Sunday, 27 October 2013

Thai disaster Victim Identification unit helped identify bodies after the Lao Airlines plane crash in the Mekong River

The Disaster Victim Identification unit was part of an international contingent which helped identify bodies after the Lao Airlines plane crash in the Mekong River.

Sifting through severed body parts may not be the world's most glamorous job, but the work of the Disaster Victim Identification (DVI) unit has proved invaluable in helping give grieving families peace of mind.

Two weeks ago, the DVI team sprang into action as they were called to the southern Lao city of Pakse, the scene of a plane crash which killed all 49 passengers and crew on board.

Five Thais were among the dead after Lao Airlines flight QV 301 plunged into the Mekong River near Don Khor islet on Oct 16 while attempting to land at Pakse International Airport.

The victims included foreigners from multiple nations, making the identification process more complicated.

The Thai DVI team was called in to assist Lao authorities, who lacked the facilities and expertise to properly deal with the crash aftermath.

The team is headed by Pol Gen Jarumporn Suramanee, adviser to the Royal Thai Police Office, and has helped in the aftermath of many large-scale international disasters that often require examining disfigured body parts to establish a person's identity.

In the wake of the Lao Airlines crash, Pol Gen Jarumporn said his unit had managed to overcome numerous challenges to identify the bodies of many of the victims.

Five bodies remain unaccounted for after the crash.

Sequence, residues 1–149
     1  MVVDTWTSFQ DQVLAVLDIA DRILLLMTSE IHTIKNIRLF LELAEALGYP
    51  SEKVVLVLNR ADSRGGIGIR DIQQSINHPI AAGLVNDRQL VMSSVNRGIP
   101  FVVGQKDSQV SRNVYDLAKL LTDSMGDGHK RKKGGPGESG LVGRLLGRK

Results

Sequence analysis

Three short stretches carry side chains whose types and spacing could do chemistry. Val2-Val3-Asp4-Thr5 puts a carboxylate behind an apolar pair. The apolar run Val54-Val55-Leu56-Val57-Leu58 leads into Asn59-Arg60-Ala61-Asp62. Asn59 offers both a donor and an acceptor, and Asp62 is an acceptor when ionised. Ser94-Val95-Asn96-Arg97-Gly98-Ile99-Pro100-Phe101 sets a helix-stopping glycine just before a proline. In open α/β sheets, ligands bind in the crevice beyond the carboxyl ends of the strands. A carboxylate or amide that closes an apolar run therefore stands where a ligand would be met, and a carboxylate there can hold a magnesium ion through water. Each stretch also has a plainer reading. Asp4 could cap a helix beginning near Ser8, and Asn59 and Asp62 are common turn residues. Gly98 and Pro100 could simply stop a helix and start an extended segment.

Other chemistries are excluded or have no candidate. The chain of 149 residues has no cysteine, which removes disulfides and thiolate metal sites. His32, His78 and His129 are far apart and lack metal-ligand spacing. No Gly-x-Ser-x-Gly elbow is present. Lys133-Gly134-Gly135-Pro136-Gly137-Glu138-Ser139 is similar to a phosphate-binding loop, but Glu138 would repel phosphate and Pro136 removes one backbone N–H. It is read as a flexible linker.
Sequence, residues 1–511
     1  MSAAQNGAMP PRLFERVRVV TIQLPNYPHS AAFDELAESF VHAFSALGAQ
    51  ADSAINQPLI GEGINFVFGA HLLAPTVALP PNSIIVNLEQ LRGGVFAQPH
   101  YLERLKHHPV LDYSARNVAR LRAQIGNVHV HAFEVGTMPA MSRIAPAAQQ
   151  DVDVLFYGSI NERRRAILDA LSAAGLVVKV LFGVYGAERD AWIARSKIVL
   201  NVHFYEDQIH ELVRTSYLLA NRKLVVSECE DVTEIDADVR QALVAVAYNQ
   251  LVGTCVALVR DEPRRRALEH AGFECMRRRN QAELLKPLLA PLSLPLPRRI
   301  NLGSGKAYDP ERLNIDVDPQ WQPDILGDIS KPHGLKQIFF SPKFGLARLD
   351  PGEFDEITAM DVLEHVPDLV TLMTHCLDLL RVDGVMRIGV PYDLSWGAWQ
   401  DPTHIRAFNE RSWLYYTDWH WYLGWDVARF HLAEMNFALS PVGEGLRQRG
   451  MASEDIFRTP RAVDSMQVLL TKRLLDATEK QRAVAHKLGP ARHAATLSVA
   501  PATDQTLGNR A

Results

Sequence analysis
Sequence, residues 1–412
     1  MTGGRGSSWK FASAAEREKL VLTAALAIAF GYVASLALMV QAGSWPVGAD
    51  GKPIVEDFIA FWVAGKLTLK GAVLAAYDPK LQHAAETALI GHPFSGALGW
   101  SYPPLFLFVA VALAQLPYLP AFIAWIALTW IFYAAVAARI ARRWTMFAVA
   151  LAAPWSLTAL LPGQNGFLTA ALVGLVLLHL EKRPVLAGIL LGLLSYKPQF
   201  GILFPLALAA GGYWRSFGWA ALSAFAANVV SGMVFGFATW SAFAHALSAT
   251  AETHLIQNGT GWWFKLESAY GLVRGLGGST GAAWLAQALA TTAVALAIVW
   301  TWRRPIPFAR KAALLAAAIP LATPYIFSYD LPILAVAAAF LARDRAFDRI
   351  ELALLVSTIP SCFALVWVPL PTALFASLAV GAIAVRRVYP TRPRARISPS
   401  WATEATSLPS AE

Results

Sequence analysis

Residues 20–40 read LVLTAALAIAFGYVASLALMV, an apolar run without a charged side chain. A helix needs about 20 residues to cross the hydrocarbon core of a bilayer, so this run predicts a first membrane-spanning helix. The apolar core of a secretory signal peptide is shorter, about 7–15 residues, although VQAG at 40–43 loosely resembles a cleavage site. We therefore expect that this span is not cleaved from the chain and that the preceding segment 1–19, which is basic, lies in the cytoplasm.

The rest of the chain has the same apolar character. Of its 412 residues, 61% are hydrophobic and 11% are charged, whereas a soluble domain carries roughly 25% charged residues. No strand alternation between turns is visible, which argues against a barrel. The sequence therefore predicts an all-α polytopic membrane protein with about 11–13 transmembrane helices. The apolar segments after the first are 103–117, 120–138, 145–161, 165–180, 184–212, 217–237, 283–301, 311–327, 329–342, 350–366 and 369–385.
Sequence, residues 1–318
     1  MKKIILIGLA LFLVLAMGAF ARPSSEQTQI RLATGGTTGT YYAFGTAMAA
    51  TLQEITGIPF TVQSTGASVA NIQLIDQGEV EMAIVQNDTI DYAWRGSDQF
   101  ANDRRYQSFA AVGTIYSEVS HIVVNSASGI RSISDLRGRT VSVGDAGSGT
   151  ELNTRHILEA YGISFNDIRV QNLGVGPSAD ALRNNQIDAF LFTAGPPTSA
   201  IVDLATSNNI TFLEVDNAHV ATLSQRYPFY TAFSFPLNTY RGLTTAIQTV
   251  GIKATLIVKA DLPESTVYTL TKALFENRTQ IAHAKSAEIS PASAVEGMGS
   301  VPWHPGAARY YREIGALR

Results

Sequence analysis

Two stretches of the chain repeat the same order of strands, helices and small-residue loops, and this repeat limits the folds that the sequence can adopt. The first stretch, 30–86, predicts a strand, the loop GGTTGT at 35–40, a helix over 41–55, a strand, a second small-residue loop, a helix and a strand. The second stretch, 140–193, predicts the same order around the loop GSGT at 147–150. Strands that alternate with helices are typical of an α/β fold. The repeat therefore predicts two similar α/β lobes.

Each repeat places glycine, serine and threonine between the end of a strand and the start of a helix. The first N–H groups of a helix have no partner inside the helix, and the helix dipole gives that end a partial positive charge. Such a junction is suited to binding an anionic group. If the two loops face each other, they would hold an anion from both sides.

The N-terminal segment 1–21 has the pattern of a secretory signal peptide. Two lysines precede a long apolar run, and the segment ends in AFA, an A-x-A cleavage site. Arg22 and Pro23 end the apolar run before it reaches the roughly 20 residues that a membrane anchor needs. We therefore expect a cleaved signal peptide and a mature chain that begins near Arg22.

Joining the team were experts in fingerprint, DNA and dental analysis.

The unit also worked alongside divers from the Thai armed forces and marine police. The divers scoured the riverbed for any human remains and wreckage of the ill-fated aircraft.

In an operation where time is often of the essence, Pol Gen Jarumporn said their arrival in Laos did not get off to the best start.

At their first meeting with Lao authorities in Pakse, which was joined also by Australian officials, the DVI team was told they would not be permitted to conduct forensic tests straight away. Apparently there was some red tape that needed to be cleared first, despite several bodies already being recovered and awaiting identification.

When the team finally got the all-clear to begin their work, they were surprised to discover that some of the bodies, believed to be those of Lao nationals, had been given back to family members at the request of relatives.

That caused concern about the possibility of a mix-up, as no autopsies had been performed to confirm the identities of the discharged bodies.

"Victim identification is a delicate issue," Pol Gen Jarumporn said. "In plane crashes, sometimes the victims' bodies are not in the best condition."

He stressed that finding definitive forensic proof is crucial. If even one body is wrongly identified, it will cast doubt on the others.

Identifying a body based on what the victim was wearing before death is not always accurate. "People can be in the same place wearing similar things," Pol Gen Jarumporn said.

Pol Gen Jarumporn said many of the recovered bodies were in a severe state of decay and had body parts missing.

DVI specialists usually analyse the victims' fingerprints, DNA and dental samples. But the advanced state of decay of the bodies found after the Laos crash meant in many cases all three of these methods were impossible.

The team had to inject fluid into some victims' fingers to make it easier to collect fingerprint samples.

Pol Gen Jarumporn said foreign DVI workers at the crash scene had asked to be taught some of the methods which the team had devised to collect forensic evidence.

Lao experts also watched on and learned from the operation, he said.

In this case, taking DNA samples from victims' blood was rendered impossible since the bodies had been under water for several days and were too badly decomposed.

DNA samples had to be extracted instead from the victims' ribs or thigh bones.

The samples then had to be sent back to Bangkok for testing, since there was no facility capable of handling the job in Laos.

Pol Gen Jarumporn said Thailand's standard of DVI work is recognised internationally, noting that his team has worked in many countries and gained a wealth of experience.

Sunday 27 October 2013


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